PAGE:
Multitalented 27-year-old Elizabeth Swados has what D. H. Lawrence called an intelligent heart. It's this quality of highly charged feeling shaped by insight, empathy and compassion that makes her extraordinary urban pop cantata "Runaways" an immensely affecting show. To call it far and away the best musical of the season is to insult it. "Runaways" seizes your heart, plays with your pulse, dances exuberantly across the line that separates entertainment from involvement.
Swados's runaways are the deracinated, disconnected kids of the metropolis who have been cut off from the human continuity that families are supposed to provide. As writer, composer and director, Swados over a ten-month period assembled and worked with a cast ranging in age from 11 to 20, many of them actually runaways or "problem" children. In an astonishing feat of theatrical and social creativity, she organized these young people into an expressive community that electrifies the stage with power, poignance and pride.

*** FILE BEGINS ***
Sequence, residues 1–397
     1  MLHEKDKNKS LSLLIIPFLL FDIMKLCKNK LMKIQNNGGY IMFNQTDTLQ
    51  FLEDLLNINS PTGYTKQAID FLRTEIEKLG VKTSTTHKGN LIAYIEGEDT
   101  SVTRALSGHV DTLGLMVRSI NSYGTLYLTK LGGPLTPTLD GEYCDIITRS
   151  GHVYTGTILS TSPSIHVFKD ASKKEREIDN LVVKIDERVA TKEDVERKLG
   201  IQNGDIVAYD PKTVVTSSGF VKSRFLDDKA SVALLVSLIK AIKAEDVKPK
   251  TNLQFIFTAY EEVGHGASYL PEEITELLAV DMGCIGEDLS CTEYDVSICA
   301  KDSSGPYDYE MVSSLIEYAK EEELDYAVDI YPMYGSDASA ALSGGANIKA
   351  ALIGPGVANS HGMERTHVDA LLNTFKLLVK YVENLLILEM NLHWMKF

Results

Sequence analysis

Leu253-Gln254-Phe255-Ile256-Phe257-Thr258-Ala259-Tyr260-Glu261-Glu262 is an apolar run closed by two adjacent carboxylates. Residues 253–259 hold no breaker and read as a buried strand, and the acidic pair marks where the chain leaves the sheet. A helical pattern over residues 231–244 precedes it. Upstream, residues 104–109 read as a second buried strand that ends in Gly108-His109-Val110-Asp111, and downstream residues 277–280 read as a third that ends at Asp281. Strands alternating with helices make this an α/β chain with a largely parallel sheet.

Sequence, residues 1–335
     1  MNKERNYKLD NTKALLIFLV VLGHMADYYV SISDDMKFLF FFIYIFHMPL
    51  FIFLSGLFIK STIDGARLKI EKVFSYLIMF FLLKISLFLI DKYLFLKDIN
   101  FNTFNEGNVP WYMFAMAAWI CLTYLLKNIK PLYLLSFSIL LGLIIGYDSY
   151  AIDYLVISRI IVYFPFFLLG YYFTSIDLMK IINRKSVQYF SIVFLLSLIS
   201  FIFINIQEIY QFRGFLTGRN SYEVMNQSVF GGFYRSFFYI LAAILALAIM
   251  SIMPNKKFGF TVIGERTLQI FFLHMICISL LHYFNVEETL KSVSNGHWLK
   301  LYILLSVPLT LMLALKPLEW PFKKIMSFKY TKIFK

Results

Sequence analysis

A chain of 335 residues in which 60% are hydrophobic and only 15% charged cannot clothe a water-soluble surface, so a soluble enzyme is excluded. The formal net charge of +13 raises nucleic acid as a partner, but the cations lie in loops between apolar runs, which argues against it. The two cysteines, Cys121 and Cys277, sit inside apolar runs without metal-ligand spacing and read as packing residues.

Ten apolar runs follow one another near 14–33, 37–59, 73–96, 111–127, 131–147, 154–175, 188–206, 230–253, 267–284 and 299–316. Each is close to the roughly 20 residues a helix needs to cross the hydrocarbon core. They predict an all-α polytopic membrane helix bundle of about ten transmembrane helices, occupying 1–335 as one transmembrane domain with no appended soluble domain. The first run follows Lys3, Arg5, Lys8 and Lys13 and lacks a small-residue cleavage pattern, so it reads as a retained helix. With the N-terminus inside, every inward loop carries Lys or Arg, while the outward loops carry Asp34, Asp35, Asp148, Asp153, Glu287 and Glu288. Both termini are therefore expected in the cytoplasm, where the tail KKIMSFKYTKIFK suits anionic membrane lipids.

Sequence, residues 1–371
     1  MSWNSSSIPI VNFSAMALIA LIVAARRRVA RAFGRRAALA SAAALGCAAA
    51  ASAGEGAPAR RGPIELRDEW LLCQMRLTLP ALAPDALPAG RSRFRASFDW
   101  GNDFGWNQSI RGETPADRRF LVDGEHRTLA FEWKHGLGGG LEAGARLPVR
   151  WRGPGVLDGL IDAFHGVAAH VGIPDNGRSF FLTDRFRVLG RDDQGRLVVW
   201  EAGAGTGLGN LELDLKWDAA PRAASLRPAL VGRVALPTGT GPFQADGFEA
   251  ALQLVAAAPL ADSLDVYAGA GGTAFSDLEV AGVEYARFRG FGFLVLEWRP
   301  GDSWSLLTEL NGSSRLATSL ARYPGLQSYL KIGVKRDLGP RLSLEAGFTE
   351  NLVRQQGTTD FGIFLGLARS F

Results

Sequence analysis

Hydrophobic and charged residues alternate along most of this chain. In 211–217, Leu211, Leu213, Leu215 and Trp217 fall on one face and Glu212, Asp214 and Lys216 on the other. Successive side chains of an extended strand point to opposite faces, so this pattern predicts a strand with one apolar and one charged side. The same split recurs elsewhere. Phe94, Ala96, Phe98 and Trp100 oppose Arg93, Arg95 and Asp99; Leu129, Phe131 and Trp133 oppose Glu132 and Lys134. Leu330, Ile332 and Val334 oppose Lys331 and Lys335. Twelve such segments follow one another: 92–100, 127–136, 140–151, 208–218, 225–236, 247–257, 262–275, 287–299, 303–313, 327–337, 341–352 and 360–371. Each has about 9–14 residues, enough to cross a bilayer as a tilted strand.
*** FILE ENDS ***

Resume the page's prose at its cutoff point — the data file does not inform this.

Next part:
Swados calls "Runaways" a "collage about the profound effects of our deteriorating families." Like some lost tribe of children bivouacked in a secret playground …, the nineteen kids play out their emotions—their fear, hope, despair and defiance—in shifting deployments from solos to choruses. For Swados everything is music: "Runaways" vibrates with city rhythms from rock to jazz, from soul to salsa. Swados's songs are sonic shapes that trap and project emotion: sometimes the feeling is so urgent that there's no time for melody and the words pour out in a strafing monotone. (p. 74)
["Runaways" is an] original and enriching show. (p. 75)
Jack Kroll, "Babes Up in Arms," in Newsweek (copyright 1978 by Newsweek, Inc.; all rights reserved; reprinted by permission), March 27, 1978, pp. 74-5.